Tax Preparation Checklist

The short version of everything below is: I’ll need your tax return from last year (unless I prepared it, in which case I already have a copy); any tax forms you received (W-2’s, 1099’s, 1098’s, etc.); and a summary of your tax situation including any income sources and deductions for which you didn’t receive a tax form. That’s a good start, and from there we should be able to fill in all the gaps with some back-and-forth via email. For a list of the most commonly overlooked items, see here.


I realize this isn’t exactly a checklist, but it’s a list, so … close enough. It’s not intended to be complete; it covers only the items that are most common to my clients’ income tax returns. It’s utterly impractical for me to ask you about every possible source of income or tax deduction; there are far too many to count!

If you believe there’s a tax-relevant circumstance that applies to you but isn’t included in the list below, then by all means tell me! It’s ultimately up to you to inform me of all aspects of your tax situation.


General Items:

  • New clients only: a copy of your prior year tax return. PDF strongly preferred. (For returning clients: I already have a copy of your prior year tax return.)
  • Change of address. Let me know if you’ve moved.
  • Changes to your marital status or household arrangement. Married? Divorced? Living apart from your spouse or kids? Joint-custody arrangements? These can have significant tax implications.
  • New children/dependents. I will need to know full names, birth dates, and social security numbers, if not shown on your prior year tax return.
  • Account number and routing number for your bank account, if your bank account has changed since the previous year. This is not required if you do not want to have any refunds direct-deposited.
  • Estimated tax payments. If you made any estimated tax payments, I will need a list of the dates and amounts paid, federal/state/local.
  • Portland/Multnomah/Metro account numbers. If you are subject to Portland/Multnomah Business Income Tax, Metro Supportive Housing Services tax, or Multnomah Preschool-For-All tax, I will generally need to know your tax account number(s). You can usually find these by logging into your Portland Revenue Online account, or by calling up the Portland Revenue Division. If you don’t have account numbers for these taxes, that’s ok; I should be able to guide you through that process.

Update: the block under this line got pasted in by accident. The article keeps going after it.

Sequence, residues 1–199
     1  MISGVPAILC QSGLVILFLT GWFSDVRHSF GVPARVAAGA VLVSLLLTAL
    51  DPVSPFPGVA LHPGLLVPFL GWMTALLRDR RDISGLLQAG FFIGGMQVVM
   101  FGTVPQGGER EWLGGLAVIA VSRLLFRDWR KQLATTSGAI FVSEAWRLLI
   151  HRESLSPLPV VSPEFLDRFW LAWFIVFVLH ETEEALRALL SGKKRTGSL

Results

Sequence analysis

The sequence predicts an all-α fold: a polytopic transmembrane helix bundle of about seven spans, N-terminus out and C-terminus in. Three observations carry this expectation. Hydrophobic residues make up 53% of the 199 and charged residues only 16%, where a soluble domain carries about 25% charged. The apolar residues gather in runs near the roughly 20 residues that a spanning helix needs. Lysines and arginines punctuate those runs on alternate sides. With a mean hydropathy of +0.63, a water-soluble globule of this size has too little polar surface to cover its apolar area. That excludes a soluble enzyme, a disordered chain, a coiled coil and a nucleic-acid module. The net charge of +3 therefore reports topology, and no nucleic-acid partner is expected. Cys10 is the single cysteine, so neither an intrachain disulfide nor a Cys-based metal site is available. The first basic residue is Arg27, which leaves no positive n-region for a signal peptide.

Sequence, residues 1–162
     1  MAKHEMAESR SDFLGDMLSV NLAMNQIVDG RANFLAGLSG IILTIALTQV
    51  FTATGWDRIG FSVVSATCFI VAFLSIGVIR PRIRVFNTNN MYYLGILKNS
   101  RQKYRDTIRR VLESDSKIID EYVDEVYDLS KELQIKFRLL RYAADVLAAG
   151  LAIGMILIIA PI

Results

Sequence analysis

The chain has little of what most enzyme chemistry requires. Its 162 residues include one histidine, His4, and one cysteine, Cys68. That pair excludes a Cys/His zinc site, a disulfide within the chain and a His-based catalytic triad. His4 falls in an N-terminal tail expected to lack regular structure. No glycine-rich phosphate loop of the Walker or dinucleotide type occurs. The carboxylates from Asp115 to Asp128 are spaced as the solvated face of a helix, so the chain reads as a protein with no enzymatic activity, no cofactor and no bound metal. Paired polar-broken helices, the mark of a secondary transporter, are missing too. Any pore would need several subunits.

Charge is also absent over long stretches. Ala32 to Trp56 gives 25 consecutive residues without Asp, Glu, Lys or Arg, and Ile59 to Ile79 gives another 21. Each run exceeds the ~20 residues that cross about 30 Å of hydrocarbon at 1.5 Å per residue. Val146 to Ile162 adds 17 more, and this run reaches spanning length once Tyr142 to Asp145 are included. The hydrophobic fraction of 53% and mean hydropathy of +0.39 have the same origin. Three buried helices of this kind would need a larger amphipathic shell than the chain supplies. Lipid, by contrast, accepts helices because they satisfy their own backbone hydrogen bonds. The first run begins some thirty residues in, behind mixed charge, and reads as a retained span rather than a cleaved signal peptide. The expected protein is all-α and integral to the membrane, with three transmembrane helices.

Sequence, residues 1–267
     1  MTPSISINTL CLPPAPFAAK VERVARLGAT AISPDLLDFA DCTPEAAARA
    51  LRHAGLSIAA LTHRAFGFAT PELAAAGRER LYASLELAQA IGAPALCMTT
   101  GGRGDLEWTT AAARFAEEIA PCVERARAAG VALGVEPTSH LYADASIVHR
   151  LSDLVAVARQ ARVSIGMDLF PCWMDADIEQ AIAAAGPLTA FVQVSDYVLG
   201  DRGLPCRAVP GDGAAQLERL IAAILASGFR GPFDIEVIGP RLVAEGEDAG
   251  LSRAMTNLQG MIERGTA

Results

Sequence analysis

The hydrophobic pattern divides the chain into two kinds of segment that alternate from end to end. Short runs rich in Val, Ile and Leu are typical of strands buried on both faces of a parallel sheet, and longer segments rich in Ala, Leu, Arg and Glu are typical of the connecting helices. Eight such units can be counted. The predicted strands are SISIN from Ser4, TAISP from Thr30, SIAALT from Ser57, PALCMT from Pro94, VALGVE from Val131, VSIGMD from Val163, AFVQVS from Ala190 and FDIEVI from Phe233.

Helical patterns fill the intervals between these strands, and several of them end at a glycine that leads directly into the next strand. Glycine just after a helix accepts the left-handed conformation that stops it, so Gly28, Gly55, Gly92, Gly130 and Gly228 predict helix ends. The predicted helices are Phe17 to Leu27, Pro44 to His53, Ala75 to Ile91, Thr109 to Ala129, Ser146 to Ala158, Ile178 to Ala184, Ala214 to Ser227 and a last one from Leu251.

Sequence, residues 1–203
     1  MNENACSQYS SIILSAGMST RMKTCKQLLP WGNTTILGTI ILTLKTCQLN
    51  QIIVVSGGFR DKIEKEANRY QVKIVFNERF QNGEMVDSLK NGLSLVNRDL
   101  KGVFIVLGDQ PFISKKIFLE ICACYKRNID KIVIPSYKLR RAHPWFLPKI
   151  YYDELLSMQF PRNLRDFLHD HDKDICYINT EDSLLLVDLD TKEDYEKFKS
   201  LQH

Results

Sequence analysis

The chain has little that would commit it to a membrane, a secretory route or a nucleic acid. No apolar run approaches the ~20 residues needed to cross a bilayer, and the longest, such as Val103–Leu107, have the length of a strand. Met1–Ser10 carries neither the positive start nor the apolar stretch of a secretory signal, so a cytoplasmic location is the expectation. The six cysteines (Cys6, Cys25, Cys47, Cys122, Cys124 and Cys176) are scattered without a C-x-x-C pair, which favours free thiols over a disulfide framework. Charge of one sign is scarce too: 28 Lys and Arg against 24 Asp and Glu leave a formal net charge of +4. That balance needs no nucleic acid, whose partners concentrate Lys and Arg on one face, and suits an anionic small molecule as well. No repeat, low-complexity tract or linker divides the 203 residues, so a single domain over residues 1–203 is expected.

Income:

  • All tax forms you’ve received that show income, such as W-2’s, 1099-R’s, other types of 1099’s, and K-1’s. Please verify that the name and social security number are correct on all forms you receive. Note that tax forms aren’t always mailed to you if you’ve elected paperless statements; you may need to go online to download them from your bank, brokerage, etc. If you transfer an investment account mid-year, there will generally be two 1099’s, one from each financial institution.
  • Self-employment income, including independent contracting, sole-proprietorships, single-member LLC’s, etc. Please prepare a summarized list of income and expenses, subtotaled by category. See here. It’s helpful for me if you can separately show income that was reported to you on tax forms (1099’s), vs. income that wasn’t. Use any method of presentation that makes sense to you; I’d rather have you do that, than have you force it into a format prescribed by me. If I don’t understand something, I’ll ask! Likewise, please ask me about any item that you’re unsure what to do with. Also: if you’re expecting a 1099-MISC or 1099-NEC but haven’t received it (they’re often issued very late), there’s no reason to put everything on hold; just make sure you’ve accounted for the income in your summary.
  • Rental income. Please prepare a summarized list of income and expenses. See here. If you have made significant renovations (beyond regular maintenance) to the property, please provide me with the cost of the renovations and the date they were completed.
  • Retirement account (IRA, 401k, etc) withdrawals and rollovers. I’ll need the 1099-R for any withdrawal or rollover. These are issued by the institution the funds were withdrawn from or rolled out of, not into. Even if you’re certain a rollover was tax-free, the 1099-R must still be included on your tax return (and indicated as tax-free), to avoid IRS notices. Note that there is generally no 1099-R issued for a trustee-to-trustee IRA transfer, which is not considered to be a rollover. I do not need to see 401k or IRA account statements.
  • Health savings accounts. If you use any HSA funds, or rollover a HSA, there will be a 1099-SA issued. These are often only made available via download from your HSA bank. HSA funds used for medical expenses are generally tax-free, but I nonetheless need to account for the 1099-SA on your tax return. (That is, I can’t entirely omit the 1099-SA from your tax return.) Note that healthcare FSAs, “flex spending accounts”, are different from HSAs, and I typically need no documentation for healthcare FSAs.